But for Tony, it was more than that. After all he had done in Afghanistan and at home, there was the lingering feeling of responsibility for those he couldn’t save. As Tony says, it wasn’t the violence he had dealt out or received that really affected him. Instead, it was the things he saw happen to innocent people, and which he could do nothing about.
“One thing that did happen in Afghanistan, and I don’t say this was the issue, I say this was the one that brings to light and compounds previous experiences. I lived off the main camp and I had to walk through the green zone to get to my workplace. In that area there’s all these little kids and they’re between six and 12, and they’re selling survivor bracelets and they sell pashmina scarves or whatever trinkets. They can all say, ‘Hello do you want to buy something?’ or ‘How are you today?’ in all the coalition languages. And they’re just sweet little kids.”
“That day I’m walking up and I am probably 100 yards away. And I am very lucky because it was a T-intersection. A suicide bomber on a bicycle rides up. The explosion went off just around the corner of the T-intersection and there are eight of the kids and four adults. I’d seen lots of gruesome scenes as a policeman, but nothing like that. The way the Afghans deal with it is entirely different too. The first thing after the explosion you’re expecting a secondary attack. You are at an incredible level of awareness. So with that, you’re watching the ambulance and it’s a green pick-up truck, and they’re throwing in bodies: dead, alive, or pieces. It goes in the back of the pickup or in the trunk of a car and then off they go.”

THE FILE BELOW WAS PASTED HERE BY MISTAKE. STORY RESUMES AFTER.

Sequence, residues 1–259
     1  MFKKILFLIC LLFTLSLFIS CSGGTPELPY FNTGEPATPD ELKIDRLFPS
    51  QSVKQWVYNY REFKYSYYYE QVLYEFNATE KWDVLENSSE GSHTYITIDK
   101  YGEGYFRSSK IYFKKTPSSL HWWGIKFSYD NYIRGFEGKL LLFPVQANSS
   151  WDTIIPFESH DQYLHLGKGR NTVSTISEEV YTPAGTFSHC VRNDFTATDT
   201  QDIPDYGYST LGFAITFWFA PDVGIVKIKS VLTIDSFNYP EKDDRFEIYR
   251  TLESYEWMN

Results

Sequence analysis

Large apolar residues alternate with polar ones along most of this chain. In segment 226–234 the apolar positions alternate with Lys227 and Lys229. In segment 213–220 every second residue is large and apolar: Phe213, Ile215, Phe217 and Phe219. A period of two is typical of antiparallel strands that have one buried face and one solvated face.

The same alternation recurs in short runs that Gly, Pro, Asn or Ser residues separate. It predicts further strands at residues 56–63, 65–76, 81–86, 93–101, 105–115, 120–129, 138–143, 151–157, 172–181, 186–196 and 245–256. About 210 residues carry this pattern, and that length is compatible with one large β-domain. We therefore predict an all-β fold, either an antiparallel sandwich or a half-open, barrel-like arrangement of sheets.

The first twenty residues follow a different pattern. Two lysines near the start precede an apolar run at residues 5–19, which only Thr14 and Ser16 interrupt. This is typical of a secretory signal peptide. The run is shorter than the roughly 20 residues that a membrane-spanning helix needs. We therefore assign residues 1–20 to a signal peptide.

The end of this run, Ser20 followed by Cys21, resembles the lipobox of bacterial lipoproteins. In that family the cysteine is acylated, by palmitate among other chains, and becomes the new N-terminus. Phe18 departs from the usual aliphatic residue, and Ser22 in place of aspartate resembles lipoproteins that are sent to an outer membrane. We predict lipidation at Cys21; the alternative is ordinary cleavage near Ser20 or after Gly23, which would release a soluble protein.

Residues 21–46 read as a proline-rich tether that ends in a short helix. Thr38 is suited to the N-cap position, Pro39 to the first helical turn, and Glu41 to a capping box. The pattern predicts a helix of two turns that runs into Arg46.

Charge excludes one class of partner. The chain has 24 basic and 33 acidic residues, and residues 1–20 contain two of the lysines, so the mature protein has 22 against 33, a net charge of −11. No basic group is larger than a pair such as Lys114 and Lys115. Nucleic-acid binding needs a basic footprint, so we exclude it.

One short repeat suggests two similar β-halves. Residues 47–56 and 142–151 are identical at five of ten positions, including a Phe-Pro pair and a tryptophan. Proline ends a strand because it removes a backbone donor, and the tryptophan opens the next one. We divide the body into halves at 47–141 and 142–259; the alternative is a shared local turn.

This image stayed the forefront of his mind, along with that failed sense of responsibility, and the protection he couldn’t provide. Even later that day, when his boss asked, “Hey, how you doing?” all he could reply was, “Yeah, not my worst day ever.”
“Whether Afghanistan or 30 years of policing, there are some horrible things in that background and those were the ones that impacted me more,” Tony says. “Not so much seeing things after the fact, as much as being part of it as well.”
He tried to be proactive, hitting the gym and avoiding alcohol, attempting to ward off his physical and mental distress. But nothing was bringing him back to himself.
Eventually, Tony was diagnosed with Post-Traumatic Stress Disorder, with compounding concussion syndrome. Unlike the common conception of PTSD, though, for Tony the cause couldn’t be pinned down to a single incident. It was the buildup of three decades of police work and two tours of duty that finally began to wear on him, in his thirty-one years of being a first-responder.
“As far as PTSD, It’s a series of compounding factors; I don’t say Afghanistan is where I picked it up, it isn’t a cold or flu…”
No matter how it developed, Tony quickly discovered how negative reactions to PTSD could be. “If you say to someone that you have PTSD, an average guy is going to look at you and go, ‘Oh, you are broken. You’re a broken toy.’ Or they think you are going to snap, which is the furthest from the truth.”
The stigma Tony describes regarding PTSD is a common one, and can be very damaging for those returning from combat. Current estimates are that 15-30% of deployed Veterans deal with post-traumatic stress disorder after returning home. Despite this high degree of prevalence, Tony suggests that most people don’t understand what PTSD really means. “They don’t get it,” he says. “They think it’s like a cold or a flu that will go away.”